One group who definitely did not believe in ghosts was the growing band of English Protestants. Professor Marshall quotes the reformer Robert Wisdom in 1543 as saying that “souls departed do not come again and play boo-peep with us” (Pg. 3).
Ghosts were often reported as asking the living to pray for them. This is part of the Catholic beliefs of Purgatory, a doctrine that the Protestants worked hard to overturn.
Early Christians believed that only ‘saints, martyrs and pious monks’ would be immediately rewarded with salvation in heaven. The rest of the population (those not evil enough to deserve eternal punishment in hell) would progress to heaven only after they had passed through purgatory.
In order to be saved, all of your mortal sins had to be forgiven. The absolution that followed confession to a priest set you on your way but even once your sins had been forgiven you still had to pay a penalty for committing them in the first place. Marshall states “some of this penalty could be paid off in penances and good works in this life, but most people could expect to die with a debit in their spiritual balance-sheet. Purgatory was the place where the balance would be extracted” (Pg. 3).
The picture painted of purgatory was not a pretty one. It involved fire, pain and punishment and greatly resembled hell. Although the thought of visiting purgatory was not a welcomed one, it was necessary if you wanted to move on to heaven.
So why were ghosts reported as coming back and asking for prayers? Because it was believed that the prayers of the living could shorten the time a soul spent in purgatory. If you didn’t want to spend hundreds or thousands of years in purgatory then it was essential that those left behind remembered you and prayed for you. Hence, it became common practice to give gifts at the time of death; leave money for the upkeep of churches; donate vestments, chalices or stained glass windows with your name inscribed all in the hope that your soul would be remembered and your stay in purgatory shortened.
Another option was to directly arrange for masses to be said on your behalf. The institution that took on the role was known as chantries. Professor Marshall describes them as “elaborate free-standing chapels, or, more commonly, an altar within the main parish church” (Pg. 4-5).
Protestants despised the idea of purgatory. They found no evidence for it in scripture and instead thought it was simply a way for the clergy to make money from people’s fears. In one light, it does seem to suggest that the rich could buy their way into heaven where as the poor were left to suffer. But on the other hand it encouraged charitable activity and behaviour such as giving gifts to the poor whose prayers were thought to be particularly effective.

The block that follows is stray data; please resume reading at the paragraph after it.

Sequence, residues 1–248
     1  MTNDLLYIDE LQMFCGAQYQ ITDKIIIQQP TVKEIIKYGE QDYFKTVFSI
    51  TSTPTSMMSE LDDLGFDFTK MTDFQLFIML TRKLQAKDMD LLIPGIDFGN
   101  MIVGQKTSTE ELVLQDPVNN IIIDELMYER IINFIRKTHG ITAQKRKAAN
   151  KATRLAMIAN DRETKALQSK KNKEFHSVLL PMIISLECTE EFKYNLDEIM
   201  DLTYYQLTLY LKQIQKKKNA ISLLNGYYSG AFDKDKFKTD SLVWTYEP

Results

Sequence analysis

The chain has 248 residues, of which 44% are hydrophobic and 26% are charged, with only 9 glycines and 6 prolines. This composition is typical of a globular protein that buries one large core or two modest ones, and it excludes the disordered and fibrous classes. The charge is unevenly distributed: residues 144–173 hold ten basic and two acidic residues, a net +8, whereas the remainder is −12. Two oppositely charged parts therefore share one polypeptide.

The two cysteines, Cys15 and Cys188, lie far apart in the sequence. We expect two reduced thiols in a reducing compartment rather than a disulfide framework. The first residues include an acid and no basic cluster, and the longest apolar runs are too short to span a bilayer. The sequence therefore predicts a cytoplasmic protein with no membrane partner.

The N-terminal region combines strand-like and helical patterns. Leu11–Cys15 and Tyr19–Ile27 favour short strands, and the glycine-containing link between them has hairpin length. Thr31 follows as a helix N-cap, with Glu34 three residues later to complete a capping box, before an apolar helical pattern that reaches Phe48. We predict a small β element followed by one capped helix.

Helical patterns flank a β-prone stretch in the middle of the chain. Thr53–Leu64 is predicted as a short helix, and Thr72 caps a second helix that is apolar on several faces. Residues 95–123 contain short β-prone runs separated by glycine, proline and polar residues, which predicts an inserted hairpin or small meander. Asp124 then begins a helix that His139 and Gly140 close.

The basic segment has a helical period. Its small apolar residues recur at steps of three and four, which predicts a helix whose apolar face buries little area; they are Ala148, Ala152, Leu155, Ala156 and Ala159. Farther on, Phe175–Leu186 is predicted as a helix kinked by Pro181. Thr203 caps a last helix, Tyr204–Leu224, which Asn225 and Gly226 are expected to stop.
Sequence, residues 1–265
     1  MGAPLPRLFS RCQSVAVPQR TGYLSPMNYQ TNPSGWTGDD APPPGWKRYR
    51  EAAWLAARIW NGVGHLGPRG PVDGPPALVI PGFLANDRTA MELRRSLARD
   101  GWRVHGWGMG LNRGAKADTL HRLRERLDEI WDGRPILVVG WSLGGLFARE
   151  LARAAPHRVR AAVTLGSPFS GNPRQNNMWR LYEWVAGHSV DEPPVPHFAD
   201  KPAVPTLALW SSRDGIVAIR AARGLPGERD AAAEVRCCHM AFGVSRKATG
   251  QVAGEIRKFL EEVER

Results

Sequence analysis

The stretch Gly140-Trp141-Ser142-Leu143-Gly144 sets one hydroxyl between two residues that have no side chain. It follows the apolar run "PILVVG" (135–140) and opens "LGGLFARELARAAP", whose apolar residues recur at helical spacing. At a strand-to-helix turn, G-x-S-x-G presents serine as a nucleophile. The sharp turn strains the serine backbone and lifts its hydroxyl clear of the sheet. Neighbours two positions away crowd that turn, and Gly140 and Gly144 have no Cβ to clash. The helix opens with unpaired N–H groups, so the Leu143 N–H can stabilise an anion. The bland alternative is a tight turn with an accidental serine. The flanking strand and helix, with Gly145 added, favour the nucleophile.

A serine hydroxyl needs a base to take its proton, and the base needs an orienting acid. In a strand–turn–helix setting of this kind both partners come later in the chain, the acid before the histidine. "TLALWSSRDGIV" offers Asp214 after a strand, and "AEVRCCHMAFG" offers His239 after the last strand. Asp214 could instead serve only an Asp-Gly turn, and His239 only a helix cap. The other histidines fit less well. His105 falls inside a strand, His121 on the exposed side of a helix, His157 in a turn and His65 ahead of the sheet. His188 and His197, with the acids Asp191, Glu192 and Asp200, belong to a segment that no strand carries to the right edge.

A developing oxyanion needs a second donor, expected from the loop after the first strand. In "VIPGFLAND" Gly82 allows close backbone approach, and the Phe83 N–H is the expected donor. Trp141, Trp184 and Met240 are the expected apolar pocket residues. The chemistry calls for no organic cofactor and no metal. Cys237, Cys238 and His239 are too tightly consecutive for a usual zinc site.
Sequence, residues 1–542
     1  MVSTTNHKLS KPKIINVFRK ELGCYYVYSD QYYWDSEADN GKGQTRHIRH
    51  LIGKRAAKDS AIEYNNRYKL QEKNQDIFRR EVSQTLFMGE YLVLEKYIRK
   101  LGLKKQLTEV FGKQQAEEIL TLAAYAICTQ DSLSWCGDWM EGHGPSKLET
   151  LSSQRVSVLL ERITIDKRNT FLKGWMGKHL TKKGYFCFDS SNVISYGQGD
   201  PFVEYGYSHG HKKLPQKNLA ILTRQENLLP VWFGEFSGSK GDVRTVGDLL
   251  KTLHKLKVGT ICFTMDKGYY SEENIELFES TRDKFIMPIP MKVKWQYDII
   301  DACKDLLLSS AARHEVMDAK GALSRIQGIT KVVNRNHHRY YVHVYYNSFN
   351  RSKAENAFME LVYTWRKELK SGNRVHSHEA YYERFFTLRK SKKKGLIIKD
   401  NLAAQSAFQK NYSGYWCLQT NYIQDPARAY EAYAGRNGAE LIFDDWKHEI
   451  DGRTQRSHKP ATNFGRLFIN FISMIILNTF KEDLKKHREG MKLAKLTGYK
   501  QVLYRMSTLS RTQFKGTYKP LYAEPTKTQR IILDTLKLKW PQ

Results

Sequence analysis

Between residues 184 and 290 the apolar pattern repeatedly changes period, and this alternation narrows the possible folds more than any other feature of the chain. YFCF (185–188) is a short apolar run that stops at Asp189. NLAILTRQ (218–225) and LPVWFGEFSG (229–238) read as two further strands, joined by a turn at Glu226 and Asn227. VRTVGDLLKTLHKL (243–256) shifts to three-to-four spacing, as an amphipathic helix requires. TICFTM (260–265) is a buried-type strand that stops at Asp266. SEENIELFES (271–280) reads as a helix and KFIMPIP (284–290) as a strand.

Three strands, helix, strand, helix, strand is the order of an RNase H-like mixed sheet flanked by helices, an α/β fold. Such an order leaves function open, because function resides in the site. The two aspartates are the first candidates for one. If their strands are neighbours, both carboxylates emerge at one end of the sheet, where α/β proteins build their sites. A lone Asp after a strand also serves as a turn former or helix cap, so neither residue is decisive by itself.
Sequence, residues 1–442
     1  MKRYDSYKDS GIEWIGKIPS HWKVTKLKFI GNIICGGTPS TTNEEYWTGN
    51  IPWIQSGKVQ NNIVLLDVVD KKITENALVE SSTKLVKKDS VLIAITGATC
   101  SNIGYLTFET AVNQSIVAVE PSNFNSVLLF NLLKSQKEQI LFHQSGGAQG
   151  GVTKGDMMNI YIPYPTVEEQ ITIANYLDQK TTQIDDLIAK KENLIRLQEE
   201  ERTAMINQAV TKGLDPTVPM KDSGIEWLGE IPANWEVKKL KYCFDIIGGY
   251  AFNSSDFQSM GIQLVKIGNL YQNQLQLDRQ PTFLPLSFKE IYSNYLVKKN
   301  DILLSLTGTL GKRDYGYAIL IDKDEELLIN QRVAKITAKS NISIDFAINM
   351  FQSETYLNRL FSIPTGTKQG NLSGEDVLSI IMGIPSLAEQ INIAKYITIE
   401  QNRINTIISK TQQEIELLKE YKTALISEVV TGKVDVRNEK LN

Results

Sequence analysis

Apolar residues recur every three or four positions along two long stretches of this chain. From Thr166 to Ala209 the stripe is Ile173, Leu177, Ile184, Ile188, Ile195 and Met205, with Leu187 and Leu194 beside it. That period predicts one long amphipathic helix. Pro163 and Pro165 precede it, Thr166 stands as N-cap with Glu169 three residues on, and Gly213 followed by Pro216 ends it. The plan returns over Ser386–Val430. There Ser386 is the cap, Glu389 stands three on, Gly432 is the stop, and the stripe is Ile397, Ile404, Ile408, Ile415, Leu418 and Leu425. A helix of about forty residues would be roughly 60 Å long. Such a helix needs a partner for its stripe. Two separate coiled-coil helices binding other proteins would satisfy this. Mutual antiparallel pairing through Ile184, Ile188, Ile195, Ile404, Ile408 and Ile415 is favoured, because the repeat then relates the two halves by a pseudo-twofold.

What were Henry VIII’s views on the matter? Well, it seems he was also a little unsure. In 1536 the first official statement of Henry’s new church, the Ten Articles, stated that “praying for the souls of the departed was a charitable act, but pointedly noted that the place of those souls, the appropriate name for it, and the nature of pains suffered there, were all ‘uncertain to us by scripture”(Marshall, Pg. 6). The King’s book of 1543 maintained that it was unknown how prayers and masses benefited the dead and insisted that people not use the name purgatory.
It is very interesting to note that although the dissolution of the monasteries greatly reduced the practice of praying for souls and even though Henry VIII considered closing the chantries in 1545, Henry’s will
“Directed that 1000 marks be given in alms to the poor, with instruction to pray for his soul, and that four solemn obits (annual commemorations) were to be maintained at St George’s Chapel Windsor, where also ‘an altar shall be furnished for the saying of daily masses while the world shall endure” (Marshall, Pg-6-7).
So it seems that Henry VIII feared what would meet him after death and took no chances either way.
I would like to end today’s article with a quote by Professor Marshall who states that “as all visitors to Hampton Court will recognise – whether there are ghosts or no – the past and the people who inhabited it retains the ability to haunt the imagination of the present.”
They certainly do!References Historic Royal Palces, Hampton Court Palace. Viewed October 31st, 2010, http://www.hrp.org.uk/Resources/Peter%20MarshallFINAL.pdf